Hanoi-based Activist Attacked with Acid by Thugs Near Police Station, Five Days after Tortured , Robbed by Policemen

Mr. Dung was preliminary treated with water after being assaulted with liquid acid by thug
Mr. Dung was preliminary treated with water after being assaulted with liquid acid by thug

[themify_box style=”blue, announcement, rounded” ]Mr. Dung, 57, was thrown with liquid acid by a thug when he and other activists and land petitioners went to the police station in Bach Khoa ward in Hai Ba Trung district to demand for return of his cell phone and memory cards the police robbed him five days ago.[/themify_box]

By Vu Quoc Ngu, Dec 21, 2015

Mr. Truong Van Dung, a political activist in Vietnam’s capital city of Hanoi, on Dec. 21 was attacked with acid by thugs near a police station, just five days after Dung was tortured by a group of five police officers.

A thug threw liquid acid at Mr. Dung, 57, when he and other activists and land petitioners went to the police station in Bach Khoa ward in Hai Ba Trung district to demand for return of his cell phone and memory cards the police took from him five days ago.

While Dung and his friends took lunch at a pavement few meters from the police station, one of the thugs threw a bottle of liquid acid at his head. Feeling severe pain, he shouted loudly and other activists realized that he was attacked by acid, and watered him immediately for preliminary treatment.

The assault was witnessed by many uniformed police officers and thugs. Activists believe the assault was aimed at threatening them. The policemen did nothing and let the attacker run away.

Mr. Dung was immediately taken to a local hospital for urgent treatment. The medical test showed that he was attacked with liquid acid. Luckily, he suffered only light injury to his eyes, face and head.

Five days earlier, Mr. Dung was detained by Hanoi police when he was together with human rights lawyer Nguyen Van Dai, who was arrested on December 16 and charged with conducting anti-state propaganda under Article 88 of the country’s Penal Code. Police took Dung to the Bach Khoa ward police station where he was questioned and beaten by a group of five police officers who finally took his iPhone and eight memory cards without making a minute for the confiscated items.

They verbally pledged to return the items on the next day, however, Dung couldn’t come to the station on Saturday to take his iPhone and memory cards due to severe pains resulting from the police torture.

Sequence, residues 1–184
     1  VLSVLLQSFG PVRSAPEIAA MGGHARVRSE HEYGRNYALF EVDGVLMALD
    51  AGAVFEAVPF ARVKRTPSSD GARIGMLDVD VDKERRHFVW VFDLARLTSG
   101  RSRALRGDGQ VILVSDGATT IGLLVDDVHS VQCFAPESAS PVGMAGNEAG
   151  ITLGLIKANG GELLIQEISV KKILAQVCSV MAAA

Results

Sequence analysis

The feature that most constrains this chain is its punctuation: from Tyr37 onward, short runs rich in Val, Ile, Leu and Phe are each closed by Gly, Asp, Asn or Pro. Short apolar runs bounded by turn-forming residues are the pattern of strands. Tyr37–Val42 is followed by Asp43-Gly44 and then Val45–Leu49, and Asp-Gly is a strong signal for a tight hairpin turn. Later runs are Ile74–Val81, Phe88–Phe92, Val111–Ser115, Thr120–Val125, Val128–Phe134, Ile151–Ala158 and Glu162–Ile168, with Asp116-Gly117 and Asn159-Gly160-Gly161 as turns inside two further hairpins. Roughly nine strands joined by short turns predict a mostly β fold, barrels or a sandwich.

Today, when Dung came to demand for returning his items, police refused to give them back as they promised. Instead, they mobilized a large number of thugs who threatened Dung and his friends.

The attack with liquid acid was among a series of assaults of thugs and policemen against Mr. Dung in the past few years due to his engagements in peaceful campaigns calling for political reforms and better human rights protection as well as protection of the country’s sovereignty in the East Sea amid rising aggressiveness of China.

Last year, he was severely beaten by two thugs who broke his several ribs during an attack near his private house.

Mr. Dung is among many Vietnamese political dissidents, social activists and human rights defenders who have suffered from brutal assaults at the hands of thugs and police officers. Other victims of government-supported attacks are labor activists Do Thi Minh Hanh and Truong Minh Duc, human rights lawyers Nguyen Van Dai, Tran Thu Nam and Le Van Luan, bloggers Nguyen Huu Vinh, Nguyen Tuong Thuy, Dinh Quang Tuyen, Doan Trang and Nguyen Ngoc Nhu Quynh, former political prisoners Chu Manh Son and Tran Minh Nhat, land rights activist Tran Thi Nga, environmentalists Nguyen Chi Tuyen, Trinh Anh Tuan, and Dinh Thi Phuong Thao, and even street patriotic musician Ta Tri Hai.

Last week, the EU, the London-based Amnesty International, the New York-based Human Rights Watch and the Stockholm-based Civil Rights Defenders expressed their concerns about recent barbaric attacks against Vietnamese activists, demanding Vietnam’s communist government to take proper measures to end these attacks to ensure security for them and bring the perpetrators to justice in line with Vietnam’s international human rights obligations.

Earlier this month, the Paris-based Reporters Without Borders (RSF) called on “the international community to press the Vietnamese authorities to stop employing these thuggish methods, which have turned Prime Minister Nguyen Tan Dung’s administration into a government of gangsters.”

Vietnam’s government has intensified its crackdown against local activists ahead of the communist party’s National Congress slated in early 2016. Vowing to keep the country under a one-party regime, the communist party has requested the security forces to prevent the establishment of opposition parties.

Recently, Minister of Public Security General Tran Dai Quang, who is expected to hold higher positions in the next five years, labeled all unsanctioned civil society organizations as “reactionary groups”.